Bong Center adapts to record veterans' stories during pandemic

Technology and backpack kits offer safe alternatives for gathering the oral histories of service members.
Thomas Habig served in the U.S. Army in Vietnam from 1966 to 1968. His story was captured over Zoom and is now archived at Richard I. Bong Veterans Historical Center through expanded options for the center's oral history program. (Courtesy of the Bong Center)

Capturing the stories of local veterans who served the nation has always been the goal behind the oral history program at the Richard I. Bong Veterans Historical Center.

However, when the center was forced to close last spring because of the COVID-19 pandemic, the program was shut down too.

That gave center staff time to think how the program could be adapted to ensure the health and safety of interviewers and veterans as they tell their stories.

Under the new program, veterans now have three options to contribute their stories to the Bong Center’s oral history archive.

In addition to in-person interviews, which have resumed with new safety protocols, veterans can share their stories through the online video-conferencing platform Zoom, or family or friends can borrow equipment from the Bong Center to conduct the interview at home.


“I’m doing Zoom meetings every day, and I thought ‘why can’t we do that with oral histories as well?'” said Briana Fiandt, curator of the Bong Center. “And then the backpack just gives families the opportunity, if they don’t want to bring a stranger into their family member's home, they can do it themselves.”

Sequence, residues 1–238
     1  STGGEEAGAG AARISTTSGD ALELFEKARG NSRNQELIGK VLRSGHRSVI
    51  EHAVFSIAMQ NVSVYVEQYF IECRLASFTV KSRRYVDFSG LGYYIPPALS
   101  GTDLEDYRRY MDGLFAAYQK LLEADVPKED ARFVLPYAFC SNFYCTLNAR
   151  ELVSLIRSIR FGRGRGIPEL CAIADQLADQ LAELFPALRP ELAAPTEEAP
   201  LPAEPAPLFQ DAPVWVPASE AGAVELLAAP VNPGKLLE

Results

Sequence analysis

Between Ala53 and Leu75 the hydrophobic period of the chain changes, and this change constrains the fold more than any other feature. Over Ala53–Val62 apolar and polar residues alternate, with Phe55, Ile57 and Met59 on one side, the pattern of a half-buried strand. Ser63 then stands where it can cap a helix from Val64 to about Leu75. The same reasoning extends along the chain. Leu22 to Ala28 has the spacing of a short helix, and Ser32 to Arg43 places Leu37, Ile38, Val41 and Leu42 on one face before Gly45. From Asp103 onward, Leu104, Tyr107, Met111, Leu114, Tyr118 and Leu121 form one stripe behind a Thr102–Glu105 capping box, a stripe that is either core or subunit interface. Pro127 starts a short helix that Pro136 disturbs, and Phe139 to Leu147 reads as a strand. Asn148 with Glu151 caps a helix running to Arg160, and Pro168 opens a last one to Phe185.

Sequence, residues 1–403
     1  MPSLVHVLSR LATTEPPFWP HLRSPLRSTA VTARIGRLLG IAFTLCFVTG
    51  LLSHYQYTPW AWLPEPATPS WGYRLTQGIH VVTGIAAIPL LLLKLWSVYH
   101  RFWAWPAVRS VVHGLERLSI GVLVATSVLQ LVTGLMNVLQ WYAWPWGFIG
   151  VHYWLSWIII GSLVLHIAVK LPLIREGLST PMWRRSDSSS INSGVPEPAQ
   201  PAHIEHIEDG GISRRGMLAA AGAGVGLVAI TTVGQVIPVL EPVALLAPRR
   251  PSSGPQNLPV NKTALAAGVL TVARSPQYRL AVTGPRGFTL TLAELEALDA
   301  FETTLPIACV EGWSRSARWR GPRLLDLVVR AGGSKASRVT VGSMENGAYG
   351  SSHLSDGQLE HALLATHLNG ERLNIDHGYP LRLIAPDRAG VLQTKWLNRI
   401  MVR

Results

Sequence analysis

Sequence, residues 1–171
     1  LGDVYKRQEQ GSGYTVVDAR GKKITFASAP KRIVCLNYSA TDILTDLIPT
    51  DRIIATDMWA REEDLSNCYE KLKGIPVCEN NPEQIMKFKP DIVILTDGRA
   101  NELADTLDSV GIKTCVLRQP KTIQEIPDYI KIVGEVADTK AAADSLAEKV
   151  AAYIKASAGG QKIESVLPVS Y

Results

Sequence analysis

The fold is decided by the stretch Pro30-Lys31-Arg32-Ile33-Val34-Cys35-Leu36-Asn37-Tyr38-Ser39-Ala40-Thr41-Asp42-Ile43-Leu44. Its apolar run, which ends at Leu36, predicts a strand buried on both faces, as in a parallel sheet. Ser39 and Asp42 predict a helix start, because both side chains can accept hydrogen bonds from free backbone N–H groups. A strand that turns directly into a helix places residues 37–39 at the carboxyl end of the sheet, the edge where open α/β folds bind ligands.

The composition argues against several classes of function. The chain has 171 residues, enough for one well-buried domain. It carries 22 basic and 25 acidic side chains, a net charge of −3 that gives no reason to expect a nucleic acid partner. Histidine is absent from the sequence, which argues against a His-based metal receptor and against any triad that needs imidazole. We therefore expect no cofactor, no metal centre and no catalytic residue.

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The oral history backpack kit includes an audio recorder, camera, suggested questions and an interview training kit. Kits are available to check out for two weeks, and once the interview is complete, participants return the kit and recorded oral history to the Bong Center. The oral history will be cataloged and added to the permanent archives.

“One of my main goals in the last couple of years was to get as many World War II veterans as I can before they’re gone,” Fiandt said. “It made me think about how many people we might have missed during the time we were shut down. And even once we reopened, people might not feel safe coming in here. They don’t want to leave their house, so I was thinking of alternative ways we could capture these stories before they’re gone.”

In-person interviews have resumed with new protocols to ensure social distancing and a plastic shield to separate the interviewer from the veteran. Additional sanitizing will take place before and after each interview.

For information about setting up an interview in person or on Zoom, or reserving a backpack kit, contact Bong center 715-392-7151 or email Fiandt at .

In addition to expanding options for its oral history program, the Bong Center created new mini-exhibits for people to explore, featuring artifacts that wouldn’t normally fit in with the other displays, said Dustin Heckman, director of the Bong Center.


“Edith Schultz: A European Homefront Experience” tells the refugee story of a young German woman living in Poland. The exhibit features artifacts from her time in a Russian POW camp. The other exhibit, “Beauty from the Battlefield,” features a variety of art made by men and women living in battle zones or POW camps.

“It’s some really cool pieces we get to share with people and showcase how these soldiers were dealing with all these difficult things in their life while they’re also in battle,” Heckman said.

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